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sion of the method by which a Christian is enabled, through life, to endure temptation. The case is related in the x11th chapter of St. Paul's Second Epistle to the Corinthians. There was given to me,' says the Apostle, 'a thorn in the flesh, the messenger of Satan to buffet me.' And, so sharp was the thorn, and so tormenting the buffeting, that, he adds, ' for this thing I besought the Lord thrice, that it might depart from me. And he said unto me, My grace is sufficient for thee.' As though he had said, "You must endure the temptation: however painful, however incessant, yet you must endure. 'Blessed is the man, that endureth temptation ;' not the man, that is delivered from all temptation. You must endure: but, my grace is sufficient for thee:' I can enable thee to endure it: I can send a supply of strength: I can uphold with the right-hand of my righteousness.' And, besides, I can teach you this grand truth, that 'my strength is made perfect in your weakness:' when you are most feeble and inadequate, when patience seems to be almost worn out, at that time it is that I will step in to succour you, to hold you up, and enable you to endure." The Apostle was so instructed on this point, that he adds, 'I take pleasure in infirmities' and 'reproaches:' now I want for nothing: the trial is come, and it is the dispensation and will of God.
Of Christ himself, our great example and forerunner, it is said, 'for the joy that was set before him,' he 'endured the cross, despising the shame: and is set down at the right-hand of the throne of God.'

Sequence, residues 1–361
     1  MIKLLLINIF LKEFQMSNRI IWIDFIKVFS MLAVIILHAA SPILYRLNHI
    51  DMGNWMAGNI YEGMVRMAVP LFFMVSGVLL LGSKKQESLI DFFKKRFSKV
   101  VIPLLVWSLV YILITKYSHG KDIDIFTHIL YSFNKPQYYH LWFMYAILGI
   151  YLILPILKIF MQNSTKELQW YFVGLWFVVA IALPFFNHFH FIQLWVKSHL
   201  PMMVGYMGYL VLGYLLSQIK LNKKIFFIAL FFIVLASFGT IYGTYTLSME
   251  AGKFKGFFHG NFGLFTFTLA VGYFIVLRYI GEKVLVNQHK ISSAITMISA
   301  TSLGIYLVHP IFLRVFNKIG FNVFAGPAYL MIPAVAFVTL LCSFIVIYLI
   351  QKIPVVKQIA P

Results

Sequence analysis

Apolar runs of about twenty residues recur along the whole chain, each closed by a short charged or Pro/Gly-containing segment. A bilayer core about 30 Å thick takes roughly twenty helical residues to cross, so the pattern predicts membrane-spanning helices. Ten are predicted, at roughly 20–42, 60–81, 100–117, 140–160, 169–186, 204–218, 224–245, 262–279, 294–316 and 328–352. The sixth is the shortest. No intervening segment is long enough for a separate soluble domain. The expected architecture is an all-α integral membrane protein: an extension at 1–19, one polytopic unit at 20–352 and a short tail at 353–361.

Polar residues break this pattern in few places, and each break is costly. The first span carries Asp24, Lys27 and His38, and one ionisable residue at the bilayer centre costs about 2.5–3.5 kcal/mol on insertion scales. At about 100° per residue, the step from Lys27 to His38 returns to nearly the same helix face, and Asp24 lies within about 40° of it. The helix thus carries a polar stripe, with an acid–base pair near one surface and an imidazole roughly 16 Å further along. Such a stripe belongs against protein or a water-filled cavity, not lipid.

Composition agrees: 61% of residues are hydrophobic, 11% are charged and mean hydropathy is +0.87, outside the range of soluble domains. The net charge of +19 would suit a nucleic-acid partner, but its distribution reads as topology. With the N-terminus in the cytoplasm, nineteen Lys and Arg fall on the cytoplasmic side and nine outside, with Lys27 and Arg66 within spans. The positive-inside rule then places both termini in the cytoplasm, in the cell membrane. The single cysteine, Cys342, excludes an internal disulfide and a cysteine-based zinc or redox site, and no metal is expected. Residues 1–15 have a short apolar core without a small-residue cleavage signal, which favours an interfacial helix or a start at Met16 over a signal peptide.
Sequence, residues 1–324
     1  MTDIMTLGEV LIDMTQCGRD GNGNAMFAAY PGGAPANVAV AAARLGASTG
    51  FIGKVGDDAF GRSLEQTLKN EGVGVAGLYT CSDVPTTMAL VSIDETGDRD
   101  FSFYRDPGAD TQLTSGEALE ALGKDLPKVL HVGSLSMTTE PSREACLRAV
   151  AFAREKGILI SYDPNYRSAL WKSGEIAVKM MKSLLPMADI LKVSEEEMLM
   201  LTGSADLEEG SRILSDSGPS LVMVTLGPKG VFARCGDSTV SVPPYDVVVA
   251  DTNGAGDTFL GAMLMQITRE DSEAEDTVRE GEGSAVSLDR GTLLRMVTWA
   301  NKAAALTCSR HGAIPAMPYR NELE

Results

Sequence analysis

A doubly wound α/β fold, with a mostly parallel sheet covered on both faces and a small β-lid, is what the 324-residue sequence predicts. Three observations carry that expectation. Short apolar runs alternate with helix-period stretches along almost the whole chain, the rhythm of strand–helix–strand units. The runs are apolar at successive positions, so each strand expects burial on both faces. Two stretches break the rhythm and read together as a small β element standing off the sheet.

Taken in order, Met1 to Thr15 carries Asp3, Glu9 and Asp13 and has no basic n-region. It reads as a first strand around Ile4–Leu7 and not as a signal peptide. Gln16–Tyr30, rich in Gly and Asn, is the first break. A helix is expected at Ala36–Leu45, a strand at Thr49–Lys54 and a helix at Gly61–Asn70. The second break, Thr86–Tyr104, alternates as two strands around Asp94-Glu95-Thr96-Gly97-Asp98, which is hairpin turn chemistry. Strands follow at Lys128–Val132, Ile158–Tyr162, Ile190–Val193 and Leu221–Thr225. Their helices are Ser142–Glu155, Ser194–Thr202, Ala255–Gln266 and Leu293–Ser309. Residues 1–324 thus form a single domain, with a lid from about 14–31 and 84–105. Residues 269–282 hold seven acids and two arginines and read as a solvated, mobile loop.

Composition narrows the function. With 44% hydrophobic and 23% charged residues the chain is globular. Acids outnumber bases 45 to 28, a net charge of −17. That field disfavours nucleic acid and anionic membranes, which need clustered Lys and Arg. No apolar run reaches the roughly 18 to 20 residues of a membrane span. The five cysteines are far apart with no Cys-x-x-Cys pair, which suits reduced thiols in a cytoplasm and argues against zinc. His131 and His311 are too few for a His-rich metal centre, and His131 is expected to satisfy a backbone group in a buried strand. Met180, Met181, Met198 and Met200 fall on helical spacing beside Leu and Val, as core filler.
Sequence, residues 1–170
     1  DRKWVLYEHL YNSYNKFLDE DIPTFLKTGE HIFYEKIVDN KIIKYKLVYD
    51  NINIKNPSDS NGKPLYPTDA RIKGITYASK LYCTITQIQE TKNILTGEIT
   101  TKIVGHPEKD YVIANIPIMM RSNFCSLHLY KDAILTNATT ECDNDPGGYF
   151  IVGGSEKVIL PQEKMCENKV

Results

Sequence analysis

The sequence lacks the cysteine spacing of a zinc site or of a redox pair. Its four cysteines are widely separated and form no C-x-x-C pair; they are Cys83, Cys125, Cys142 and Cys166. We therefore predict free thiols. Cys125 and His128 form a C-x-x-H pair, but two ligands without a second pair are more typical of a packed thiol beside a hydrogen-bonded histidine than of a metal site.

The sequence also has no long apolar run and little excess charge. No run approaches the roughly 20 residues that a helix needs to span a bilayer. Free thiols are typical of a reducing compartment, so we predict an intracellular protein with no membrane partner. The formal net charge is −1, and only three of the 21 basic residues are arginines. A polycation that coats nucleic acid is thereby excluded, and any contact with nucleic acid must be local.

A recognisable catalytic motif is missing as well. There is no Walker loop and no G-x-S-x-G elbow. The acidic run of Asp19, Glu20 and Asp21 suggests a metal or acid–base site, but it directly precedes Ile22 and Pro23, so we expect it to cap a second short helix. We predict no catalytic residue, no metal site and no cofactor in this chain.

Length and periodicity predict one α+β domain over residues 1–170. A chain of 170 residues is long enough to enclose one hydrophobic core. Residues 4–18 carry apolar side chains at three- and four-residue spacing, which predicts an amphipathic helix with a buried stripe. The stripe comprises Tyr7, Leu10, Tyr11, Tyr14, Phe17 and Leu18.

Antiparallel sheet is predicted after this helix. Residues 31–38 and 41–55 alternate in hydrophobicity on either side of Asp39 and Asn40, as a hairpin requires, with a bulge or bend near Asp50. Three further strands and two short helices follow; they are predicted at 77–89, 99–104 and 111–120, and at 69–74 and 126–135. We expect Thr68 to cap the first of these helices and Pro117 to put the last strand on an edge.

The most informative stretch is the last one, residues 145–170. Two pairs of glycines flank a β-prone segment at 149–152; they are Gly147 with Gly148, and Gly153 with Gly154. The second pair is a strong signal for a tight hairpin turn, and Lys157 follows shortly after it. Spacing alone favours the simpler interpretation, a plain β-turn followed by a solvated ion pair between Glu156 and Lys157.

'Let us,' therefore, says the Apostle, 'run with patience the race set before us, LOOKING UNTO JESUS.' This,' says St. John, 'is the victory that overcometh the world, even our FAITH'-our being enabled to look for the strength of Christ to be made perfect in our weakness, and to lay hold on him the rock of ages. 'Which HOPE,' says St. Paul, 'we have as an anchor of the soul:' does the sailor, when his ship is
tossed with fierce winds, and he fears every moment that it will be dashed in pieces, throw out his anchor, and hold fast thereby, that the vessel may be able to endure the power and fierceness of the tempest? so, says the Apostle, we have Hope, which we have as an anchor of the soul.'
David was despised and insulted by men, who spake of stoning him in his calamity; while his army was scattered, with the loss of their substance, their wives, and children. This was a severe trial: this was a strong temptation: what was David to do? even what he did: he encouraged himself in the Lord his God: he referred the matter to him; and in so doing, he was enabled to endure.
"On the left-hand,' says Job, 'where he doth work, I cannot behold him he hideth himself on the right-hand, that I cannot see him.' It is a severe trial; and I am called to weather it in the dark: but, God knoweth his own way. Here, therefore, I rest; and, on this principle, I endure and 'when he hath tried me, I shall come forth as gold.''